There are common (and unhelpful) stereotypes about how much siblings normally get along. We take a look at how to encourage 'family friendships' and nurture strong sibling bonds that last.
By Kelly George | fearlesshomeschool.com
"Siblings are the people we practice on, the people who teach us about fairness and cooperation and kindness and caring, quite often the hard way." - Pamela Dugdale
“Wow, you guys spend ALL your time together? Don’t your kids just fight non-stop?”
Most people get asked the socialisation question regularly. With five children close in age I rarely get asked that. Instead, I get asked how we’ve possibly managed to homeschool for a decade without my children murdering each other.
The unspoken assumption is that siblings aren’t meant to be close friends, that significant conflict is a normal and unavoidable part of being related. Outside friends are preferable to family, hence the constant ‘socialisation’ concerns most homeschoolers encounter.
Schools reinforce and perpetuate this idea. Segregating ages splits siblings apart, and creates the idea that friends are meant to be the same age as you. Many schools even have a policy of putting twins in different classes, so they don’t spend ‘too much’ time with each other. For anyone with twins such as mine, who are closer than any two people I’ve ever met, this policy seems cruel.
Why are there socially accepted rules that aim to weaken the bond between siblings?
The strength of siblings
When our children were young, my husband and I spoke about what we both wanted for them in terms of friendships. Our ultimate conclusion was opposite to that of society in general – we believe family relationships are meant to be the strongest, and should come before any others.
Knowing someone intimately for your whole life, sharing a common background and life experience, can create a depth of relationship that no outsider could ever compete with. We decided that one of our goals would be to encourage and support deep relationships between our children.
Homeschooling as an environment for building relationships
Many people cite building strong sibling bonds as a major reason for homeschooling.
And homeschooling can be an effective way of uniting siblings. Many homeschooling families have very close relationships and an obvious ease with each other. Observing homeschooled teens being affectionate and companionable with their siblings has made me realise that the stereotype of eye-rolling, impatient teens embarrassed of their family isn’t normal, it’s socially manufactured.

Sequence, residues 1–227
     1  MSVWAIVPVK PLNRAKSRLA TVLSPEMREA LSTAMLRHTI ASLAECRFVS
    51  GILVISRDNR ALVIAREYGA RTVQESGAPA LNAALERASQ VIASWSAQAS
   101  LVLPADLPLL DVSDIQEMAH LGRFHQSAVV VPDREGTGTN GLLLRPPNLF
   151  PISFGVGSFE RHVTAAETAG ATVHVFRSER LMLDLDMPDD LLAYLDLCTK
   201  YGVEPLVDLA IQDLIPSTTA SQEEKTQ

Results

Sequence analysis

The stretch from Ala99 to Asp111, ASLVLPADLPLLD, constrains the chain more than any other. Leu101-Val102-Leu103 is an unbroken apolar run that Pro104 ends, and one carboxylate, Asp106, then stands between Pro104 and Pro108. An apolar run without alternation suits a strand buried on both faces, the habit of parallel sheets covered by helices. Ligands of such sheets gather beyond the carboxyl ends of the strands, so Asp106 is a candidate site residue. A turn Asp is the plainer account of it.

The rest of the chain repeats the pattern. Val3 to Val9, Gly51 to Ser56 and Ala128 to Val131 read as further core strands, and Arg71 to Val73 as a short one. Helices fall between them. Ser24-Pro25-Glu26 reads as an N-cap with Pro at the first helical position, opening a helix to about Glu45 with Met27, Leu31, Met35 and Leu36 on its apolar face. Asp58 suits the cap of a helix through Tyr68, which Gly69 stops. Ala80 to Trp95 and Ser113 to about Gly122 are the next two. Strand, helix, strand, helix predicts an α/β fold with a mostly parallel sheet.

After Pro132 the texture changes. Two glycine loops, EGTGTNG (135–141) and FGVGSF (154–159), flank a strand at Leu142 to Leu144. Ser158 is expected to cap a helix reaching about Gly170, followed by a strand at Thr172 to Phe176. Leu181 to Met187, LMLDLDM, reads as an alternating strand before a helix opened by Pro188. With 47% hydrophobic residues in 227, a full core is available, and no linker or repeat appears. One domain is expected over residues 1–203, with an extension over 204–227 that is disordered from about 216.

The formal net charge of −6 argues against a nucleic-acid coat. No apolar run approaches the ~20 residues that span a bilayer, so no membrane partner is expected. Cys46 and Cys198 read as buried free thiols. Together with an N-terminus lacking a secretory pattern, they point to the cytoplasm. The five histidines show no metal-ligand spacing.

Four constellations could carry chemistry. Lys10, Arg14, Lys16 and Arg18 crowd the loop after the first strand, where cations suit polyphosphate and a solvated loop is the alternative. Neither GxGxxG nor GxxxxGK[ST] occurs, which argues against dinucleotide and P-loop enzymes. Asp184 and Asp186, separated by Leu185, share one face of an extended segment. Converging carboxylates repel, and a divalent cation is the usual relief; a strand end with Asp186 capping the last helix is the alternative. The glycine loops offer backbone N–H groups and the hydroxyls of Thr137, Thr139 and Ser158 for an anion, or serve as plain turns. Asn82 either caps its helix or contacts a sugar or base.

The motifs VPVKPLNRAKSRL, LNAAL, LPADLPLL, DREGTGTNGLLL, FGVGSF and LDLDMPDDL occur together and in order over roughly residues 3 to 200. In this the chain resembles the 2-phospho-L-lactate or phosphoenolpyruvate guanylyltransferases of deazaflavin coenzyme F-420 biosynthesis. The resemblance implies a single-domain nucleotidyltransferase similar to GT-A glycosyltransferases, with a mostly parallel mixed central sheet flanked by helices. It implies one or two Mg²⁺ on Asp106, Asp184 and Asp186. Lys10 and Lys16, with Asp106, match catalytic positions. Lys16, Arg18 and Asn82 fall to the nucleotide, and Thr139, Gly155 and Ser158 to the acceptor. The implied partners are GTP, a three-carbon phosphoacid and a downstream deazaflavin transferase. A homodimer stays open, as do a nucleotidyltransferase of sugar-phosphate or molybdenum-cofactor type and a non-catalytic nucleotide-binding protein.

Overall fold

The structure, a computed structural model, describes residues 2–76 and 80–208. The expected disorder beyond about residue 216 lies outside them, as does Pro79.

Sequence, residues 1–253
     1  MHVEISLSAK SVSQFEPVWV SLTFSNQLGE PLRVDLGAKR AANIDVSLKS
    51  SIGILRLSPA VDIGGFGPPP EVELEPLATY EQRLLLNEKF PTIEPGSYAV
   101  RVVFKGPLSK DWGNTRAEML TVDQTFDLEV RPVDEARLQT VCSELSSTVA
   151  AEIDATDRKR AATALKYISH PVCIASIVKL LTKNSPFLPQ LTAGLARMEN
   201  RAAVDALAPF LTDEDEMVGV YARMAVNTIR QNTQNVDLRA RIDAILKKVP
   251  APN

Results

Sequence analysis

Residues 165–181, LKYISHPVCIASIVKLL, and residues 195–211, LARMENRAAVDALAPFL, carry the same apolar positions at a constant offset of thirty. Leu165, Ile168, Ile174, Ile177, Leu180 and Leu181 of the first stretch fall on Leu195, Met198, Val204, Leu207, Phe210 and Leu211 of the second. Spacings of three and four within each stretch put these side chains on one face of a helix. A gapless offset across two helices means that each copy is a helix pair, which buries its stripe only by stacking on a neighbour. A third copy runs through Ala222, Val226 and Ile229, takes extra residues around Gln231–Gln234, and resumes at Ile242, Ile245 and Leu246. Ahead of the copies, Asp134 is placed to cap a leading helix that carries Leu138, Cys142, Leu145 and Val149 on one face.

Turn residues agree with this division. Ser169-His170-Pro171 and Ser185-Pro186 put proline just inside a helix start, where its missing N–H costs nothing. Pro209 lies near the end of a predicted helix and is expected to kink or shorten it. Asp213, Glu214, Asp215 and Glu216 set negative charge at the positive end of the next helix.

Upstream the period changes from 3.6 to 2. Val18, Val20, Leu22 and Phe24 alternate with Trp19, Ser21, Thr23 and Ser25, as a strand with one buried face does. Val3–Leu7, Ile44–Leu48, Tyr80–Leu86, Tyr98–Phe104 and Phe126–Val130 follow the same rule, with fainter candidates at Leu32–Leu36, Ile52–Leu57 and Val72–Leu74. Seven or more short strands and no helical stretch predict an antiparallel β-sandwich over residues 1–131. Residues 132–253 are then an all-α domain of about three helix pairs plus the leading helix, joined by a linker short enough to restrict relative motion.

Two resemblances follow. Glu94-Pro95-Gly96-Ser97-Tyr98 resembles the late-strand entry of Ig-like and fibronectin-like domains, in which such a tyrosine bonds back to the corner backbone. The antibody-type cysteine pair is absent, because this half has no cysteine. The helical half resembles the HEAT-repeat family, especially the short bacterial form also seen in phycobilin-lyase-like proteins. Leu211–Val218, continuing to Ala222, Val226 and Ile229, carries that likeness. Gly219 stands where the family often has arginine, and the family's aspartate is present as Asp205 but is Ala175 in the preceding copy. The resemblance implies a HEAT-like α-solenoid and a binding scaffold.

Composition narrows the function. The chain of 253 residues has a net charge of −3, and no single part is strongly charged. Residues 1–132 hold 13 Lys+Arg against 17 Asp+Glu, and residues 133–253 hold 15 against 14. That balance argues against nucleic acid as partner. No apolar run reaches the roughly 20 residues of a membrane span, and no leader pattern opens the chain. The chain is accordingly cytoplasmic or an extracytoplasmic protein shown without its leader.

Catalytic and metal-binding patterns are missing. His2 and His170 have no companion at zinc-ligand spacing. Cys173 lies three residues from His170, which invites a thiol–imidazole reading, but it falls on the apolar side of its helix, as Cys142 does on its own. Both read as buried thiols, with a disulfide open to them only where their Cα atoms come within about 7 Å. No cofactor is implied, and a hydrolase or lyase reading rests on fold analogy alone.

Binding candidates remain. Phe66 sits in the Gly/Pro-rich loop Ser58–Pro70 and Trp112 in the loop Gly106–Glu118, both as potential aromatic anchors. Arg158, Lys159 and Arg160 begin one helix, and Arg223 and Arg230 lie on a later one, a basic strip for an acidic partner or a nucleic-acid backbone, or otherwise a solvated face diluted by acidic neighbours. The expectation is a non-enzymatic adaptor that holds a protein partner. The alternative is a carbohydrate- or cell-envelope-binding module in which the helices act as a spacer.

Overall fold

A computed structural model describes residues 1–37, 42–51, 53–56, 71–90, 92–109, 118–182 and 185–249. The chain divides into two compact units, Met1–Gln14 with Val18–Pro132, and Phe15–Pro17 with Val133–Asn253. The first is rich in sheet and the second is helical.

Ten years on, I’m confident that our goal of deep sibling relationships is being achieved. My children are great friends, close confidants, and content in each other’s company.
It's not all smooth sailing
Does this mean that my house is a peaceful, harmonious place at all times? Unfortunately not. We may be close to each other, but we haven’t worked out how to achieve sainthood yet. We have our fair share of screaming, hysterical fights. Living and working together in close quarters can be challenging.
The difference with homeschooling is that the challenges need to be sorted out. They can’t be ignored. My kids can’t have an argument then leave it to fester and build for months, while they carry on with their other life at school. They can’t be strangers to each other. We can’t sweep our issues under the carpet and pretend everything is fine.
Proximity forces children to learn to express their emotions, negotiate, and resolve conflict as it appears.
However, homeschooling is not magical relationship medicine. Homeschooling in itself doesn’t guarantee fantastic relationships, any more than school guarantees poor relationships. And as usual, it’s up to us imperfect parents to set the tone and guide the way, to be intentional about creating and nurturing strong family relationships.
The parent's role in encouraging family friendships
We need to -
- be the positive examples, the encouragement, the UN-worthy peacekeepers and negotiators.
- create a family dynamic of mutual support, of celebrating and commiserating together.
- make sure that each child gets as much time and space apart as they need,
- ensure we recognise each child as an individual, not lump them into a group
- have and communicate the attitude that family is a wonderful thing, to be protected and treasured.
- create shared goals and a teamwork mentality to develop a collaborative atmosphere rather than a competitive one
What makes me happiest
Some of my happiest times are when I watch my children enjoying each other’s company.
Seeing my boys snuggled up in bed with an older sister while she reads to them. Watching them work together on a joint project, involving enthusiastic debate about what to do next. Or seeing them playing happy, scream-filled games together, their joy transparent.
Some of my proudest moments have involved watching them unite against adversity. This has been as simple as presenting an assertive defence against a bully in a playground, and as complex as caring deeply for each other in times of pain or grief.
As an only child, I have trouble comprehending their deep and complex relationships with each other. But I do know that what I see feels incredibly right, that it satisfies something deep inside me.
Observing my children as they grow, I’m confident that the bonds they are building now will continue to strengthen, and that they will continue to rely on each other as adults. By homeschooling, we’ve helped to create an unrivalled support group and cheer squad, that our children will always have the support they need. And if that’s the pinnacle of our homeschooling achievement, we’ll feel like we’ve done a fantastic job.
"A sibling may be the keeper of one's identity, the only person with the keys to one's unfettered, more fundamental self." - Marian Sandmaier